The Bacton Altar Cloth, a rare survival of Elizabeth I's wardrobe, on display at her former home
The Lost Dress of Elizabeth I was an exhibition that displayed the Bacton Altar Cloth, a rare survival of Elizabethan dress worn by Elizabeth I, and the iconic Rainbow Portrait at Hampton Court Palace.
Following new research and conservation, Historic Royal Palaces Curators believe that the Bacton Altar Cloth once formed part of a dress worn by Elizabeth herself.
The high-status silver chamblet silk, professional embroidery including gold and silver thread, and distinct evidence of pattern cutting all suggest that the item was once an item of elite court dress. Tudor law meant that only the very highest levels of nobility and royalty were allowed to wear dress that contained gold and silver.
New research supports the theory that this was intended for the highest level of customer and that it is an item of dress from Elizabeth's own wardrobe, making it the only known surviving example of Elizabeth I's clothing.
It seems likely that the embroidered silk cloth found its way to the small village of Bacton by association with Blanche Parry, Elizabeth's most faithful servant and almost life-long companion. It is likely that it was sent to Bacton by the Queen or her ladies-in-waiting in memory of Blanche.
It was then kept safe as an altar cloth for centuries, before being identified as a rare piece of 16th-century clothing.
Hear more about how the Bacton Altar Cloth was identified as a piece of Elizabeth's clothing from Eleri Lynn, Collections Curator at Historic Royal Palaces; Ruth E. Richardson, historian and author of the life of Blanche Parry; and Charles Hunter, former warden at Bacton Church, in this short film.
Displayed alongside the Bacton Altar Cloth was the iconic Rainbow Portrait, on loan from Hatfield House, which depicts Elizabeth I wearing a gown that bears a striking resemblance to the cloth.
The portrait — attributed to Marcus Gheeraerts the Younger — was commissioned by Robert Cecil and is filled with symbolism including motifs of eyes and ears.
Accompanying the painting was a selection of rare domestic print books dating from the Tudor period, which would have provided inspiration for many of the embroidered motifs fashionable during Elizabeth’s reign – including those found on the Bacton Altar Cloth – brought together for the first time with other stunning embroidery work from the period.
Unpacking the Virgin Queen’s now iconic style, the exhibition will explore the artistry and majesty of the Tudor wardrobe, Elizabeth's inner-circle of women, how embroidery served as a way of female bonding at court, along with the fascinating world of secret symbols and Elizabethan codes.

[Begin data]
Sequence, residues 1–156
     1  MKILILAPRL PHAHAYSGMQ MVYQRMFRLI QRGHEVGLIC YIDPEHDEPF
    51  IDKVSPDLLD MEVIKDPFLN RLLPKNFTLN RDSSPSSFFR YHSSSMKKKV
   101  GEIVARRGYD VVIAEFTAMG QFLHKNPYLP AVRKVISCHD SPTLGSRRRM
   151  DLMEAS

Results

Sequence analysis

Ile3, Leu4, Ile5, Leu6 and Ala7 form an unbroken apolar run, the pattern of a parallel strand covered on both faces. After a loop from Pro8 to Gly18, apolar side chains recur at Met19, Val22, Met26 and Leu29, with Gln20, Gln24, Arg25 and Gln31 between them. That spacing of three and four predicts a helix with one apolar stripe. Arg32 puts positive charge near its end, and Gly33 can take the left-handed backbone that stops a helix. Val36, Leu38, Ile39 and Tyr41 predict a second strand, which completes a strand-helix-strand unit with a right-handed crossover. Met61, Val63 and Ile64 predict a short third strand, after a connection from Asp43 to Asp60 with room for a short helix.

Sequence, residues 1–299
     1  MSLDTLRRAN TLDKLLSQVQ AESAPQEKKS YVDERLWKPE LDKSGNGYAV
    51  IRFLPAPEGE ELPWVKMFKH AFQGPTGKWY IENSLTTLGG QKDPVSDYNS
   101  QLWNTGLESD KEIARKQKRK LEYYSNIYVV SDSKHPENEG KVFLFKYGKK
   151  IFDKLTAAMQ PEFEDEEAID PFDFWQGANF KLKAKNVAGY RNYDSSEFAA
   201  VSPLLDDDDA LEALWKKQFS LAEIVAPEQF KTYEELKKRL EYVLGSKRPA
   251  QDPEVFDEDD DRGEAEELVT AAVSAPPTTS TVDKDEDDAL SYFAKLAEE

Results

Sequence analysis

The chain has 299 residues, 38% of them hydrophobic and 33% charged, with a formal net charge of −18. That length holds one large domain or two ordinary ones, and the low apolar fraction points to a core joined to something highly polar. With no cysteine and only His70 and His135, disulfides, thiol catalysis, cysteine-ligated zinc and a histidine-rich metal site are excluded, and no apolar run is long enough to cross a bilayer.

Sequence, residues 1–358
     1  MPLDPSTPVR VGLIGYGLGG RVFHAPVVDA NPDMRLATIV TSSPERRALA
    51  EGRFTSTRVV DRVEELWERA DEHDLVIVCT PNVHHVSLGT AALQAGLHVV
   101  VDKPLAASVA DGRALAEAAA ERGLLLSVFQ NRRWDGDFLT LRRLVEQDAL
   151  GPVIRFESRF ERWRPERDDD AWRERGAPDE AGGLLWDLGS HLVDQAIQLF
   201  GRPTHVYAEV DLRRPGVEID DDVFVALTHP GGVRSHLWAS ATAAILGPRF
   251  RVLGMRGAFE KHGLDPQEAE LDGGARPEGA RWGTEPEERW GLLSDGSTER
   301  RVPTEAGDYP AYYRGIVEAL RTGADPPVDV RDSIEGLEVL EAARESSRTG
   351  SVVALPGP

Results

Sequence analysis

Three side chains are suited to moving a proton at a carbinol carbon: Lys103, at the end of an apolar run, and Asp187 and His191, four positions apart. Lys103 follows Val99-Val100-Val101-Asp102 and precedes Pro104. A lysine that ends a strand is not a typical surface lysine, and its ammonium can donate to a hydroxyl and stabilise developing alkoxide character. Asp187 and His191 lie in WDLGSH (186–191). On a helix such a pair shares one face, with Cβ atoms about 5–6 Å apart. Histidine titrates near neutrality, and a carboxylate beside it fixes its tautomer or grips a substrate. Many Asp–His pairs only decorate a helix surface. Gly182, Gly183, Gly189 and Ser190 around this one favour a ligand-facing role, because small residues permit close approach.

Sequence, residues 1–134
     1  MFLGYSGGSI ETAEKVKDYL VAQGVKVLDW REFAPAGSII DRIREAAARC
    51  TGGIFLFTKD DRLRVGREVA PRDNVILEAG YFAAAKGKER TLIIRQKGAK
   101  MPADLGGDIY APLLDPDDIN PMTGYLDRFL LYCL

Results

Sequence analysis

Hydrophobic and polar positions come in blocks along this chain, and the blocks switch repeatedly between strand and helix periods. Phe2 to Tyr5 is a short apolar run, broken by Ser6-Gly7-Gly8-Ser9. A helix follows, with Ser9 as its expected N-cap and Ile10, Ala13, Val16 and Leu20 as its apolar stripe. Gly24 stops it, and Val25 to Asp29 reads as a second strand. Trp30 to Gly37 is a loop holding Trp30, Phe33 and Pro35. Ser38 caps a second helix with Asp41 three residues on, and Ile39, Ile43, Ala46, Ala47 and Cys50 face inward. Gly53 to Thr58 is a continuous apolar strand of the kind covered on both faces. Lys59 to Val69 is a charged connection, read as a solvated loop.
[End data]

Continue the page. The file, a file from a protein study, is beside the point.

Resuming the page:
Image: Rainbow Portrait of Elizabeth I © Marquess of Salisbury/Hatfield House
The Bacton Altar Cloth has long been associated with Blanche Parry, Elizabeth I's Chief Gentlewoman of the Bedchamber and one of her most trusted servants. Blanche watched the infant Elizabeth’s cradle, helped nurse her through small-pox, and advised her. She acted as a gate-keeper to Elizabeth too.
It was not unusual for Elizabeth to pass on her discarded clothes to her confidantes, with records showing that Parry received many gifts of clothing from the Queen.
Experts identified the richly embroidered cloth as a piece of 16th-century dress in 2016.
Upon its identification, the cloth was loaned to Historic Royal Palaces, the independent charity that cares for Hampton Court Palace. It required urgent conservation and Conservators have spent three years undertaking a full conservation treatment of the object at the Hampton Court textile conservation studio and preparing it for display, ensuring its survival for future generations.
Our partnership with the Royal School of Needlework
As part of The Lost Dress of Elizabeth I exhibition, Historic Royal Palaces teamed up with the Royal School of Needlework (RSN) to recreate some of the motifs from the Bacton Altar Cloth. This experimental project highlighted the skill and processes of the original Elizabethan embroiderer.Learn more about this experimental project
Conservation of the Bacton Altar Cloth was supported by:
The Leche Trust
Lord Barnby's Foundation
The Worshipful Company of Gold and Silver Wyre Drawers
The Worshipful Company of Tin Plate Workers alias Wire Workers
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